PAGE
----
Look at Marikana. Elections do not change the system. Joining the government and becoming a politician is no solution. Replacing Jacob Zuma with another ANC leader is no solution. A new political party – even a “left” or “workers” party – is no solution. All the political parties are no solution.


    The Marikana unions, NUM and AMCU, have fallen into the trap set by the ruling class politicians and bosses. They fought each other, instead of fighting the real enemy. Unity is strength: do not be divided and ruled. Workers of the world unite! Working class of all countries and races unite! End the alliance! COSATU should have no links with the bloodstained ANC.


    It is time to replace the capitalist / state system with Counter Power by the people. This means that we want workers’/ community control of the economy, from below. We want democratic and direct self-management of industry by the workers in the workplaces; we want self- government of communities by those living in them. We want to collectively decide on how we run our lives. We refuse to live according to the rules determined by bosses and politicians, who use the police to shoot us like dogs when we disobey.




    Issued by:\

    Tokologo Anarchist Collective
    Zabalaza Anarchist Communist Front
    Inkululeko Wits Anarchist Collective

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  • author by Bernardo - Common Struggle Libertarian Communist Fedpublication date Mon Aug 20, 2012 07:38author email author address author phone Report this post to the editors

    It's great to see this statement, I've shared it with others via social media and seems to be making the rounds pretty well. I'd love however to see some deeper analysis come from our SA comrades. I've had very limited success finding much background on the AMCU for example.

    From what I can tell it seems to have been a split from the NUM and I saw a quote from one of its officers that it distinguishes itself as "apolitical and anticommunist," a contradictory statement if ever there was one. Should this be read as meaning their politics are simply in opposition to the SACP, or as it might be read by someone from the US as being generally anti-left ("anticommunism" is a term with its own particular history here).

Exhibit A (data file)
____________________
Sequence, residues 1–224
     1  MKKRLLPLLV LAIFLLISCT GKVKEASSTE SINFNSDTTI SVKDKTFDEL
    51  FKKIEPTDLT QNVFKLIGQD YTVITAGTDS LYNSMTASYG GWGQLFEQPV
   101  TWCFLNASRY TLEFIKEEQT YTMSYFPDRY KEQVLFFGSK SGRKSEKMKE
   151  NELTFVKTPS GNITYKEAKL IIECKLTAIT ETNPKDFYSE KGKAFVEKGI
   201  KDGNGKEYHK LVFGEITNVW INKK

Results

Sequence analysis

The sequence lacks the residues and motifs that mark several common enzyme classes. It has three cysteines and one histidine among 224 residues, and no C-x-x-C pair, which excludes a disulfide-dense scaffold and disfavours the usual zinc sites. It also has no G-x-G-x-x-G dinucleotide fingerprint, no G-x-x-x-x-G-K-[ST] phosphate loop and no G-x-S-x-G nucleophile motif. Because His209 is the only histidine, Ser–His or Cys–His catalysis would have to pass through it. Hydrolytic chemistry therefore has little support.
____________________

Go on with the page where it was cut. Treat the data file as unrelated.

The other significant point that needs some clarifying I think is the interplay between inter-union rivalries, and then the actual relationships on the ground among the rank-and-file workers. From what I've read it seems as though the conflict that climaxed with the massacre began as a wildcat action. Is this at all accurate?

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    author by SA activistpublication date Tue Aug 21, 2012 21:37author address author phone Report this post to the editors

    ... will be out soon from ZACF.

    author by W.S.A.publication date Sun Aug 26, 2012 13:32author address author phone Report this post to the editors

    We, members of the Workers Solidarity Alliance, send our deepest condolences to the families and friends of the murdered miners.


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    author by CLASS WARpublication date Sat Sep 01, 2012 01:58author address author phone Report this post to the editors

    When the capitalists’ profits fall, they respond to proletarian resistance with bloodbath!
    No killing can put an end to proletarian defiance in South Africa!

    When miners from the mine of Marikana (which extracts 12% of platinum produced in the country and which is in the same time the richest platinum mine in the world), together with local inhabitants scraping along in miserable slums, demonstrated 15th August 2012 for improvement of their living conditions, the police – protective body of capital – responded with slaughter.

    45 shot dead in 5 days committed by the state in order to repress the protests!
    But the unbearable living conditions cannot be washed away by shed blood.